At Artsy we currently have thousands of client applications hitting our API and requesting authentication. When a user successfully authenticates through one of these clients, we want to embed basic user and application data in the resulting token rather than have to look up a session ID in the database on each request. For that we want to use JWT.

JWT (JSON Web Token) is a self-contained, secure and standard way of transmitting data between applications and clients as JSON objects. Using JWTs lets us use a standardized technology to cut our authentication workflow down by one round-trip.

We’ve recently switched our authentication flow to use JWT, and I’m going to cover what they are, how we’ve used them and how we’re handling the transition.

JWT has three separate sections which are separated by .: header, payload and signature.


Once decoded:

  • The header section contains JSON defining the type of token and how to treat its contents.
  • The payload section includes claims and data provided by the token issuer about the user and application (things like token expiration time, user id, etc.)
  • The signature section is used to verify the sender of the JWT and make sure token wasn’t modified along the way.

JWT example

JWT and RFC 7519 provide more details about each section of JWT and how encoding, decoding and verification work.

Where we were

After a successful login, our API would generate a custom JSON object including some basic information about the user and application, then encrypt it using a single server-side secret.

For every authenticated request we would have to decrypt the token, make sure the user and application were valid and the application still had access to our API. We were already stateless since we didn’t store tokens in our database. However, client applications had to make an API call to get any information about the authenticated user.

Where we are going

We want to keep our current auth flow which is already stateless (tokens are not stored in database) and mainly replace our in-house generated access token with a more standard JWT. This let’s us:

  • Allow client applications to decode and use basic information from our token. This wasn’t possible with our custom encrypted token. With JWT, each app can decode the token and get basic data out of it, check if the token is expired or not, etc. If the client wants to make sure a token is still valid, it can still call the API, like before, to re-validate and get more data about it.
  • Possibly include different data in JWT payload for different applications. Some clients may request user roles with respect to galleries and others with respect to auction houses.
  • Follow a well-defined standard and use existing libraries for creating and reading the token. JWT has a decent set of reserved claims which can be used to describe the token in a unified language. A few examples:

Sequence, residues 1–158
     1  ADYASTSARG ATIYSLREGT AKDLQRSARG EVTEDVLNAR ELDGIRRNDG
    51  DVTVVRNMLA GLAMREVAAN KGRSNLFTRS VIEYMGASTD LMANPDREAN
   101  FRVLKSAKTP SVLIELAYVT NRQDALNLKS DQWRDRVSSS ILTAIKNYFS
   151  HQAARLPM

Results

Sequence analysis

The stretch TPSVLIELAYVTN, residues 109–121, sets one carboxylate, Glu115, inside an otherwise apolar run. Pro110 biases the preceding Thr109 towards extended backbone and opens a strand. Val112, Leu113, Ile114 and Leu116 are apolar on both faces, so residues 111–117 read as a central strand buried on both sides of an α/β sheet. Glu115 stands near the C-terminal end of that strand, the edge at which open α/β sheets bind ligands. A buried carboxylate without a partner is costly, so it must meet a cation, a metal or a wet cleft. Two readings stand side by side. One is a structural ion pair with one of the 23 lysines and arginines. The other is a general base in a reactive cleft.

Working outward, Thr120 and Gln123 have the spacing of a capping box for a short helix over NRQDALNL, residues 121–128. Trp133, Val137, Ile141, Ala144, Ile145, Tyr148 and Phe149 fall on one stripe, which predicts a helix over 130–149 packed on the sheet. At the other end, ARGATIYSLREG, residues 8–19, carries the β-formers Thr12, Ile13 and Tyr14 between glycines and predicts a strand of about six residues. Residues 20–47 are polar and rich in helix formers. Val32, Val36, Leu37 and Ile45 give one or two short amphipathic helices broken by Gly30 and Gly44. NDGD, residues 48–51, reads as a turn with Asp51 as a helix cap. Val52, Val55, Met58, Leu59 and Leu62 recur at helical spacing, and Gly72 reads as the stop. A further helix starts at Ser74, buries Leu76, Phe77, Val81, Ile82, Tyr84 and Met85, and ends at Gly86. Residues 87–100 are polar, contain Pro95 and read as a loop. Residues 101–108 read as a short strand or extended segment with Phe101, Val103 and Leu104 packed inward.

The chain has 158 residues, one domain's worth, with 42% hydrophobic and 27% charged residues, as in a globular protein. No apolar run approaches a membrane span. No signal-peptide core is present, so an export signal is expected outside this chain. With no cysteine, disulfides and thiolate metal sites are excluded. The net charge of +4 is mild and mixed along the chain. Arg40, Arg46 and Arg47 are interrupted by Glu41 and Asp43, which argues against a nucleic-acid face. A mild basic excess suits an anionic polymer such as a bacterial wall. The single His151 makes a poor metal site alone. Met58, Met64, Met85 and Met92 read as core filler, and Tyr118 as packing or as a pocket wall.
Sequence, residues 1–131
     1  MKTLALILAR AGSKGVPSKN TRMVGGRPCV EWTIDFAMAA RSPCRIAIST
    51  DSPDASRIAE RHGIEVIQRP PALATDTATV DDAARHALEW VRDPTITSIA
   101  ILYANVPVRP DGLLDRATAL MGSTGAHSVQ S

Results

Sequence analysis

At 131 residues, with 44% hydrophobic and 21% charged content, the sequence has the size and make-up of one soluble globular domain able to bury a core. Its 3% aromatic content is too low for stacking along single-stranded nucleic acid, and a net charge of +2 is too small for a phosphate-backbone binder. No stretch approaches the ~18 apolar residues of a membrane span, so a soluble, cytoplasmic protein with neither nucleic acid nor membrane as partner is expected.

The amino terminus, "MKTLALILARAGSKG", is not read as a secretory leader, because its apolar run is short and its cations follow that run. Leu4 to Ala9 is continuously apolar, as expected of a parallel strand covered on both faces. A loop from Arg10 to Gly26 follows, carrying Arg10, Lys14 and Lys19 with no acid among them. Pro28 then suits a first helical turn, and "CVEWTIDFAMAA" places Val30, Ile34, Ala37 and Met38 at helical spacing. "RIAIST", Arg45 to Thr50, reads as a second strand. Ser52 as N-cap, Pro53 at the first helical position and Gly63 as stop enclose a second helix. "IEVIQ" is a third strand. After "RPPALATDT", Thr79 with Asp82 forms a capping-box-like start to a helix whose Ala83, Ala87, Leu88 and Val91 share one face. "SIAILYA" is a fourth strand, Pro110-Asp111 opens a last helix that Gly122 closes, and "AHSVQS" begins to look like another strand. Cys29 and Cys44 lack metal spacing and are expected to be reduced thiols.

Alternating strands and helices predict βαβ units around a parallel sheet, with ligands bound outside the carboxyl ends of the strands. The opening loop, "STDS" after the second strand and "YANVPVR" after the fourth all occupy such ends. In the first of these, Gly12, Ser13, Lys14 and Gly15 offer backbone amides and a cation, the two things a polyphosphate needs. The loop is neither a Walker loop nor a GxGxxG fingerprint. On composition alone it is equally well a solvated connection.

• exp: Expiration time.
    • iat: Time the token was issued.
    • iss: Issuer of the token (ex. our main API)
    • aud: Audience of the token (ex. our mobile application)
    • jti: A unique identifier for the token

Most JWT libraries honor these claims and can automatically validate them so we don’t have to handle things like expiration ourselves.

In our new approach, every client application has its own secret key. When we get a new login for a specific application:

  • We find the application in our database to make sure it is still valid and has access to our API.
  • We use the application’s secret key and generate a JWT

When we get an authenticated request:

  • We decode the JWT without verifying the signature.
  • From the JWT payload we get the aud (audience) attribute defining for which application this token was generated.
  • We fetch the client application corresponding to the aud and verify the JWT’s signature using that application’s secret key.


Changing authentication tokens can be tricky when we already have many clients using our old access token format. It turns out that since we aren’t changing the authentication flow, it’s easier than we might expect. We simply have to continue decoding the legacy token format until they’ve all expired or been replaced by JWTs.

Once we go live with this change:

  • Any new successful authentication will use the JWT format.
  • When validating existing tokens, we’ll simply test if the token appears to be in the JWT format. If so, we’ll decode it and validate the signature. If not, we’ll attempt to decrypt it as a legacy token.
  • Every time we get a legacy token, we increment a legacy.token metric via Statsd. This way we can monitor the rate of legacy tokens we receive and decide when we can safely remove support for the legacy format. As you can see, legacy tokens are being replaced by the new format over time:

Tracking legacy tokens

Categories: API, Authentication, JWT